The objective of this study was to investigate the influence of genotypes associated with reduced activity of vitamin K epoxide reductase complex subunit 1 (VKORC1) and cytochrome P450 2C9 (CYP2C9) on anticoagulation with acenocoumarol during the first 6 weeks of treatment. In 1,525 patients from the Rotterdam Study who were started on anticoagulation therapy with acenocoumarol, the presence of VKORC1 1173C>T and CYP2C9*2 and *3 allele variants was determined. The first international normalized ratio (INR) after initial standard dose, risk of overanticoagulation, and mean dosage at the end of the initiation period were compared between genotypes. The initial standard dosage significantly increased the risk of severe overanticoagulation by 85% for each additional VKORC1 T-allele present. At the end of the initiation period, each VKORC1 T-allele present was shown to decrease the required acenocoumarol dosage by 5.1 mg/week, while each CYP2C9 variant allele present reduced the required dosage by 1.8 mg/week. Our conclusion was that an initial standard dosing regimen with acenocoumarol increases the risk of severe overanticoagulation in patients with variant alleles of the VKORC1 and CYP2C9 genes.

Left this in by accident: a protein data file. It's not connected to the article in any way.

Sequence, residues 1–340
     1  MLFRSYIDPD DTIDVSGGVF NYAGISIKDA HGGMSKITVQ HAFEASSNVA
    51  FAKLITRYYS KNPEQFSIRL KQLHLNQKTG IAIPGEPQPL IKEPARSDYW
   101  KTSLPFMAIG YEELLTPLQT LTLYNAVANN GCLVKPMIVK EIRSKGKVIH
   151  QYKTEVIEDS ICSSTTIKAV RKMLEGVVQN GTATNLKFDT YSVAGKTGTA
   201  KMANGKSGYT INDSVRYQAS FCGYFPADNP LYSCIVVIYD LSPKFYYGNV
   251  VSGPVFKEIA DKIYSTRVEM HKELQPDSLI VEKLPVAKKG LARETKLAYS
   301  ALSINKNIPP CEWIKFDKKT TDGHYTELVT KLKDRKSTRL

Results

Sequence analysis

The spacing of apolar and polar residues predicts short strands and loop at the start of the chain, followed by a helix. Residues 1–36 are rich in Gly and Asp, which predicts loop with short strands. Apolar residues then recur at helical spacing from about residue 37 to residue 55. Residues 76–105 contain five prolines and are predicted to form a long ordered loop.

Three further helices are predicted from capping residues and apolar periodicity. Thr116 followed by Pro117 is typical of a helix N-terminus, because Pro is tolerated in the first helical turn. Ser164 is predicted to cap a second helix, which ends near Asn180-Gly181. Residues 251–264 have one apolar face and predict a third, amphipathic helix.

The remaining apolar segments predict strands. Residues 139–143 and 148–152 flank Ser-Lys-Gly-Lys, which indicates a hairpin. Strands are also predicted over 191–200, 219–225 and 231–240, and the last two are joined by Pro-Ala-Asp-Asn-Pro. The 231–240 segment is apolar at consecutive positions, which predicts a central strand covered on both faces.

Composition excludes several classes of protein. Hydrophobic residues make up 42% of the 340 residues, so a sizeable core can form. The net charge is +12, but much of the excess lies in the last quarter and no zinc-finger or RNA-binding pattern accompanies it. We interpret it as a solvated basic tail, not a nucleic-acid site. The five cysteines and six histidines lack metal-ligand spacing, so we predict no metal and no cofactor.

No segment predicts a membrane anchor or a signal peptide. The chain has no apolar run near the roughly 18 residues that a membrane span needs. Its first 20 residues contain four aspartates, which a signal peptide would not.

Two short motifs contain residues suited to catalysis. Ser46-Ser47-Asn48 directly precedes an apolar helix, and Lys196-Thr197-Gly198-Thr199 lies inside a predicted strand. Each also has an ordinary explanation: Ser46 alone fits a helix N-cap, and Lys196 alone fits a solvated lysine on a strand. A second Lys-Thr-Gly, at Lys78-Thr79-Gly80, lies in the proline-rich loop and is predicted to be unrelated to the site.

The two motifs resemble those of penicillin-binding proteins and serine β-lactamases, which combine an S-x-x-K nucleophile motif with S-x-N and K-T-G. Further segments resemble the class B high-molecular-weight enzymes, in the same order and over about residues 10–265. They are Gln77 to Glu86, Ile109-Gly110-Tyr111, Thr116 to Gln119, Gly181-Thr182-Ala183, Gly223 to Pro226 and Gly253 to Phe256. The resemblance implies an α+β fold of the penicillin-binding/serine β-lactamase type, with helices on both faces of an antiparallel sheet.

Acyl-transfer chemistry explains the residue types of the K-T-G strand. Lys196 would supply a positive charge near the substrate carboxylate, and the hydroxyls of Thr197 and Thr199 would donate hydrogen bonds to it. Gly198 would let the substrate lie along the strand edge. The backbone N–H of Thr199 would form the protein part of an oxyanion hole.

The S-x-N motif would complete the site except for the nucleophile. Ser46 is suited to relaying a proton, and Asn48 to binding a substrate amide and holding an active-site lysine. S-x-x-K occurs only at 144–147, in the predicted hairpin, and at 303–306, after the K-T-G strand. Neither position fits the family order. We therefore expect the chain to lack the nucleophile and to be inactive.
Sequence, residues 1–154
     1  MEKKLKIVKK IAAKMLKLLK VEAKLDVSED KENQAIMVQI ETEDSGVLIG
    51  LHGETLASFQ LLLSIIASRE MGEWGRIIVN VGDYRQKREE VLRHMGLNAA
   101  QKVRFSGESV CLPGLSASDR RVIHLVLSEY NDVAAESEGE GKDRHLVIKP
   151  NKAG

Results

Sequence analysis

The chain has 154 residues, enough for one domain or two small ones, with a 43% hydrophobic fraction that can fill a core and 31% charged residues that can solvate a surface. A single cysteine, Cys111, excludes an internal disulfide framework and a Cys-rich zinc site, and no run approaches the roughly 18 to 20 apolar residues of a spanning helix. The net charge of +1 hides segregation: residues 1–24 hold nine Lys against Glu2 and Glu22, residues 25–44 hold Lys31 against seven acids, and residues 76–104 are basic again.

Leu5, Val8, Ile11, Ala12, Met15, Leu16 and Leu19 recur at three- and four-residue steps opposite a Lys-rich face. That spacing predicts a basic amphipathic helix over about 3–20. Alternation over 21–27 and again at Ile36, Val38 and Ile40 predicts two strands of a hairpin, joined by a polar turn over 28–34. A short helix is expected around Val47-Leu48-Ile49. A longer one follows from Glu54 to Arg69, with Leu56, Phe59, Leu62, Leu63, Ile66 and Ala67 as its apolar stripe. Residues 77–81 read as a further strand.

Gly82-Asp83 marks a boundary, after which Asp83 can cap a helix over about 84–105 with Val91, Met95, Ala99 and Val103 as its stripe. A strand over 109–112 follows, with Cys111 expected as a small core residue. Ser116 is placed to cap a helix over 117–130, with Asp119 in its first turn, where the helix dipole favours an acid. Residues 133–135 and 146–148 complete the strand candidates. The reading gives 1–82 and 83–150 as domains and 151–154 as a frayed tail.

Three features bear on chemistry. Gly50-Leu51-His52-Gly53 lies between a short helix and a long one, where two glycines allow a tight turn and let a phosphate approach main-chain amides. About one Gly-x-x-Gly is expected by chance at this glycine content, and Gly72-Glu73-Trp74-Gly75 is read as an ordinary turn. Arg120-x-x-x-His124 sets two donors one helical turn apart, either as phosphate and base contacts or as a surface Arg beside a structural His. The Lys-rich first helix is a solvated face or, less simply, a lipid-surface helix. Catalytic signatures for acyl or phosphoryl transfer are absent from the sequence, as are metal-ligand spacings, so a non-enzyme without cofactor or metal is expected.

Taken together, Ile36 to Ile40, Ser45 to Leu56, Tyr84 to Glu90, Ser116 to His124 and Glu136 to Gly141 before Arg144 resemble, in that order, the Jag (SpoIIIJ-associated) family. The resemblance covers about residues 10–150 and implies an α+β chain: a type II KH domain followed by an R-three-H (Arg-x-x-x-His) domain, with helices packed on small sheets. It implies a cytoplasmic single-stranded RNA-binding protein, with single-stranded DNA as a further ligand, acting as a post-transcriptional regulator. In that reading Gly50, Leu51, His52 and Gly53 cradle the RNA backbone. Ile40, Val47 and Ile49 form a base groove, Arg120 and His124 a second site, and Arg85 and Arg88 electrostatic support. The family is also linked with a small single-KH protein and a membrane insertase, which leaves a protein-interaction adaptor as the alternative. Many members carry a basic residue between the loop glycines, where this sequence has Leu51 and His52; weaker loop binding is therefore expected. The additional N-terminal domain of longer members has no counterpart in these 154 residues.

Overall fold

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Journal Clinical Pharmacology and Therapeutics
Teichert, M, van Schaik, R.H.N, Hofman, B, Uitterlinden, A.G, Smet, P.A.G.M, Stricker, B.H.Ch, & Visser, L.E. (2009). Genotypes associated with reduced activity of VKORC1 and CYP2C9 and their modification of acenocoumarol anticoagulation during the initial treatment period. Clinical Pharmacology and Therapeutics, 85(4), 379–386. doi:10.1038/clpt.2008.294